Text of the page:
This is one of those “hmmm” kinds of research articles. I’m seeing more and more of this kind of stuff coming out of the cinnamon tree (leaves and bark) which of course leads me to wonder about other things.
The Muscodor albus fungus is a naturally occurring cinnamon fungus on cinnamon trees and fumes from it have been an effective control in trials for wheat diseases, potato tuber moths, apple codling moths as well as the most common horticultural fungal problem – grey mould or Botrytis cinerea.
Muscodor’s blend of volatile organic compounds (VOCs) also naturally kills or inhibits fungal and bacterial pathogens, parasitic nematodes, and some insect pests. And there have been no reported effects on humans and it isn’t persistent in the environment (degrades quickly).
There are already some cinnamon-compounds on the hort shelves for home gardener use and I suspect we’ll be seeing more and more of them.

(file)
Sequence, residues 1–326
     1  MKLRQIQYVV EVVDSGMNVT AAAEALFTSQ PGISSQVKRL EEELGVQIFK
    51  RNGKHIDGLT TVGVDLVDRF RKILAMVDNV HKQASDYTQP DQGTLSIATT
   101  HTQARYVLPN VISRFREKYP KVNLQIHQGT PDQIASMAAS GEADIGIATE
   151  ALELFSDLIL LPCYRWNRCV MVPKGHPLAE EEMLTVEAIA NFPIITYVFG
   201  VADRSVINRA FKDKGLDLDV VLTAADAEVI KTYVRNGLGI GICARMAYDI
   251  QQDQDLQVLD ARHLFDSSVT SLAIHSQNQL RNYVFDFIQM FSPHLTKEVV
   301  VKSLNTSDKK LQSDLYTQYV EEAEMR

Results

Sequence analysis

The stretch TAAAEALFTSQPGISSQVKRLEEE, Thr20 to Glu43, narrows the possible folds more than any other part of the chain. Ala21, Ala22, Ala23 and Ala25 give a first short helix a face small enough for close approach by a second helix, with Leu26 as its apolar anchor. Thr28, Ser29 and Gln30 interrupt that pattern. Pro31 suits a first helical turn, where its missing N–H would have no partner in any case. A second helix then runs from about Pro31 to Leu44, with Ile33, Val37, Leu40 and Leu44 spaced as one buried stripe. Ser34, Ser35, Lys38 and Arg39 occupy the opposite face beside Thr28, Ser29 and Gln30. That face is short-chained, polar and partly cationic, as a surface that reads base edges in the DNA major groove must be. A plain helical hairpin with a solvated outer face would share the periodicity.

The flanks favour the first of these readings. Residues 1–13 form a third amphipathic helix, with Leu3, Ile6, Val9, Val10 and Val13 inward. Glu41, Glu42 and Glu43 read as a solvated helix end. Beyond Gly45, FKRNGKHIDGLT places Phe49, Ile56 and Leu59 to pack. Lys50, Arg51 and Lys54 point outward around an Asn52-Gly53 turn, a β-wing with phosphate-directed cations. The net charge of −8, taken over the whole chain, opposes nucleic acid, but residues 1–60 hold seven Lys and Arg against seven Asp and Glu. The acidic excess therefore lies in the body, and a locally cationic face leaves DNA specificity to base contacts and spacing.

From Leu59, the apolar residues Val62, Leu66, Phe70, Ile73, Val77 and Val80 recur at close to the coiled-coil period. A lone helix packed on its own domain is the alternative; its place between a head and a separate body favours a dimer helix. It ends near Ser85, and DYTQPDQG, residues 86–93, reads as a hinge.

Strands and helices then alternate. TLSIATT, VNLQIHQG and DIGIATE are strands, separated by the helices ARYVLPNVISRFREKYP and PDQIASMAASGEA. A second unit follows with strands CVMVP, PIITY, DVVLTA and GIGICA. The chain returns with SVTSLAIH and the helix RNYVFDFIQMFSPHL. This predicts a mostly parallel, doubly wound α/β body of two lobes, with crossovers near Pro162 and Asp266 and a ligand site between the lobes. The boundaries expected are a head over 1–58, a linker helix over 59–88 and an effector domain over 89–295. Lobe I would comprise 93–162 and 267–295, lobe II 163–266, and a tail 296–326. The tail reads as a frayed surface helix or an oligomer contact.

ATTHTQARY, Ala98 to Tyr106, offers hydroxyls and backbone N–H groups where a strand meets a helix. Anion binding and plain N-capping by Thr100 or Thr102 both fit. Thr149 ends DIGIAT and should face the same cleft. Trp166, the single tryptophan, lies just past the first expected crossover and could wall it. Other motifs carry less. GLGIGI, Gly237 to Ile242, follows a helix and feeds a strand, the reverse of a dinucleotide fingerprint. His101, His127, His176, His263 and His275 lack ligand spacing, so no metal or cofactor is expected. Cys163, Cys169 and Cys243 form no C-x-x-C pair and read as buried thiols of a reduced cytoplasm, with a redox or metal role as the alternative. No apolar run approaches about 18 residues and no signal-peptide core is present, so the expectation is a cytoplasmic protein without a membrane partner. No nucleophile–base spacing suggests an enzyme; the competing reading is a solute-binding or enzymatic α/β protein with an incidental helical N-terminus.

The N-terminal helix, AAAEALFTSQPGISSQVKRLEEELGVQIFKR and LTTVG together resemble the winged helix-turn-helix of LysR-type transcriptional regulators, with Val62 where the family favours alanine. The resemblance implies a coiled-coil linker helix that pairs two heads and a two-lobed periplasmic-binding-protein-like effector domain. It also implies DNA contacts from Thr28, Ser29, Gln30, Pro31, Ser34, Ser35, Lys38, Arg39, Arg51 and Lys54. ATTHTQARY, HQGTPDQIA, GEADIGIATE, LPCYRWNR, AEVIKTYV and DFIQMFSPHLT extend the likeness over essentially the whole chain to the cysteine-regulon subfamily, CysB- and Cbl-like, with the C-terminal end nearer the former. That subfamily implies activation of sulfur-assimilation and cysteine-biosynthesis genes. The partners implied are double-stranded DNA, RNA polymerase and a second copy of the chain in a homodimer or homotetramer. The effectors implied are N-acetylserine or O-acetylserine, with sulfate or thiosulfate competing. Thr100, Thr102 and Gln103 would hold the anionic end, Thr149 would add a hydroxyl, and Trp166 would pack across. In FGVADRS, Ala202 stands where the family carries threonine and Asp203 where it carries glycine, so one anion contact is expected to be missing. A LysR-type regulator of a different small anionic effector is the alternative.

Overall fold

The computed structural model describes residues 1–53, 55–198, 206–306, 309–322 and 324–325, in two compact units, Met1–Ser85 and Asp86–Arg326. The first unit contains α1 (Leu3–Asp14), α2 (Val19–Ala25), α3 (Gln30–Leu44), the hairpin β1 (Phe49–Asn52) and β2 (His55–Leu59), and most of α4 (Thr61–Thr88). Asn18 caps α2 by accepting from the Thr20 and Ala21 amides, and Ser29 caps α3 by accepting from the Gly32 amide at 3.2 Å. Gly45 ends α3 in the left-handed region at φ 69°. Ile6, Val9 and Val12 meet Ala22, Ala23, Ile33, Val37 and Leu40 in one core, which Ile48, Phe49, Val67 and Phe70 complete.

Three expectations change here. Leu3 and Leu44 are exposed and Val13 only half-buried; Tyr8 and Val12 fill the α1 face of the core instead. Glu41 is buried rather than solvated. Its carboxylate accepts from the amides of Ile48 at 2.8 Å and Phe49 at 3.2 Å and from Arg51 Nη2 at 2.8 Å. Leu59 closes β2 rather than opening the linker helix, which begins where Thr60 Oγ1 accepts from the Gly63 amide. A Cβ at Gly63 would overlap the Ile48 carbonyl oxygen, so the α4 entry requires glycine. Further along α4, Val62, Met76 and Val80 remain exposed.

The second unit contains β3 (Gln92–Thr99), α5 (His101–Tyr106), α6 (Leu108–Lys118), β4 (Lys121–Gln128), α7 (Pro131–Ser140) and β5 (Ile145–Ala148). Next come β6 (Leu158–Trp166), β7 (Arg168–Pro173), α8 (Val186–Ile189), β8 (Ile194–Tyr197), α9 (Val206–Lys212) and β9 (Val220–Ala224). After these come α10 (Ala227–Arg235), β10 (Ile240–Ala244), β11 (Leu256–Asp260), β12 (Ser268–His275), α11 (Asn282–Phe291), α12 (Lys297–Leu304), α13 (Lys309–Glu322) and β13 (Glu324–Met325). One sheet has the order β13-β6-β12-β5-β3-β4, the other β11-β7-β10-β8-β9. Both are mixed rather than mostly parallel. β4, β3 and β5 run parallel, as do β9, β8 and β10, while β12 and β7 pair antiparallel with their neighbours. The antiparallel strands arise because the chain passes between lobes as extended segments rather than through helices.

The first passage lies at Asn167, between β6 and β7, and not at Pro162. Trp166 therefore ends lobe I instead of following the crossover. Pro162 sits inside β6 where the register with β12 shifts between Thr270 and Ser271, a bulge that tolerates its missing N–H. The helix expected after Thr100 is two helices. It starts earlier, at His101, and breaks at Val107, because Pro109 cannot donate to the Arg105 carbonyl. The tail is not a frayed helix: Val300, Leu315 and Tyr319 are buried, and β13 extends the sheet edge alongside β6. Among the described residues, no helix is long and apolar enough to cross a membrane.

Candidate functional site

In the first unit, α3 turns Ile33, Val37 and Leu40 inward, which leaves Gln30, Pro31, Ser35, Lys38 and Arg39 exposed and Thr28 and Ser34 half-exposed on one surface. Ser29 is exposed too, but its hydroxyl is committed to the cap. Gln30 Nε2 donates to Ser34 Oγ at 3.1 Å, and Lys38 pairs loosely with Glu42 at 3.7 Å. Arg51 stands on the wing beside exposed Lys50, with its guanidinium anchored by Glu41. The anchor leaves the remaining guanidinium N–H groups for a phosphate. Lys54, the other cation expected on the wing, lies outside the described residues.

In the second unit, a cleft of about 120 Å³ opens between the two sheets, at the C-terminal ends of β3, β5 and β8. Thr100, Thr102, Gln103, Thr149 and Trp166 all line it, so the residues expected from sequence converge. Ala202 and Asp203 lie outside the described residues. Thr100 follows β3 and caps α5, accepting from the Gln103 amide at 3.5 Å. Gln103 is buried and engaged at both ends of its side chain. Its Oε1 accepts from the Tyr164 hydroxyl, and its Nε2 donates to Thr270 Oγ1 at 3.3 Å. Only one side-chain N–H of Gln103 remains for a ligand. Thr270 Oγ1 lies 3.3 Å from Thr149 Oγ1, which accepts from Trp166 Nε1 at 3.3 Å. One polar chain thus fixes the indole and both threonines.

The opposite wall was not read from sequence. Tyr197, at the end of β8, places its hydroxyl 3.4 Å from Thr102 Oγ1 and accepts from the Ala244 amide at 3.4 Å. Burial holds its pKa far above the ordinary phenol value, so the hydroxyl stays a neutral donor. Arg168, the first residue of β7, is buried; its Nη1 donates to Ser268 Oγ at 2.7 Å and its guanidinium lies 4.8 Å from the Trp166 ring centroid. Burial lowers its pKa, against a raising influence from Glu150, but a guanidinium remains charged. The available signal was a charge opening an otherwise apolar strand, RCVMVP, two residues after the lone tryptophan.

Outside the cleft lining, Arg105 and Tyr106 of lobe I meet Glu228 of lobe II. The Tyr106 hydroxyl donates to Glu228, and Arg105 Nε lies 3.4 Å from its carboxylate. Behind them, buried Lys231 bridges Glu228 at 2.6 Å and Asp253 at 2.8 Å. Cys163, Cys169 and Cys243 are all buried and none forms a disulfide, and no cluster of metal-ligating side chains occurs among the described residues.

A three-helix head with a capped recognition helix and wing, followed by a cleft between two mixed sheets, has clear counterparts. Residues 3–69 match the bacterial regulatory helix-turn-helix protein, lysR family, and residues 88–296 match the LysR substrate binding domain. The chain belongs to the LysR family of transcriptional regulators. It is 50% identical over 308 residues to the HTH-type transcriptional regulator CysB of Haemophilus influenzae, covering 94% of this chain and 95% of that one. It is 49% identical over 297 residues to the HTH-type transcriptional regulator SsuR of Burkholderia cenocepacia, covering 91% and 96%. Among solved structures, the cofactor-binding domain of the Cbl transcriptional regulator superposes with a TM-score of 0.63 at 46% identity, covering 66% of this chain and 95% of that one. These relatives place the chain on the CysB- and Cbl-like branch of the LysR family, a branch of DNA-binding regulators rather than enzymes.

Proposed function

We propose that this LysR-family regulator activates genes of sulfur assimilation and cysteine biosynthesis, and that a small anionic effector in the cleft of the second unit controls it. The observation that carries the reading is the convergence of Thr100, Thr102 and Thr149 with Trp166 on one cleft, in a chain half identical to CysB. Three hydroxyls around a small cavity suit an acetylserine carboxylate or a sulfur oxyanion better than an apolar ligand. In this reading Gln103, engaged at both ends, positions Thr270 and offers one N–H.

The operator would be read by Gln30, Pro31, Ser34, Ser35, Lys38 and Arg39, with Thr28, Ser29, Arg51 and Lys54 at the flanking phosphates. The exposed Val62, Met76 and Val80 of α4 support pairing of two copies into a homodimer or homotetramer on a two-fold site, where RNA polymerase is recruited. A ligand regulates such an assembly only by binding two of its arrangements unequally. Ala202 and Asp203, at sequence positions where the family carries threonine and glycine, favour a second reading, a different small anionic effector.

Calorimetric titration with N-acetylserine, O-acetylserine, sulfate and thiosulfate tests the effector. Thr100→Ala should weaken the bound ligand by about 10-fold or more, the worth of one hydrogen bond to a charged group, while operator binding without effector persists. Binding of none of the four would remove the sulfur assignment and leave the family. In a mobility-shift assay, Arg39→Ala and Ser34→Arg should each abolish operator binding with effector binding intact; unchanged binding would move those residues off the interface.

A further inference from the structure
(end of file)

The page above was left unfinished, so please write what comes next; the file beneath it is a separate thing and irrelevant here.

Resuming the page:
This is a head’s up to watch for them and be prepared to experiment in your own garden once you see/read the label directions.
Note this does not means the edible cinnamon will do this. The trials report on a fungus on the cinnamon tree. Use table cinnamon with extreme caution as it can cause burning of leaf tissue.
Excerpted from “Fungal Fumes Clear Out Crop Pests,” by Jan Suszkiw and Marcia Wood, Agricultural Re- search, February 2010, published by the U.S. Department of Agriculture’s Agricultural Research Service (ARS).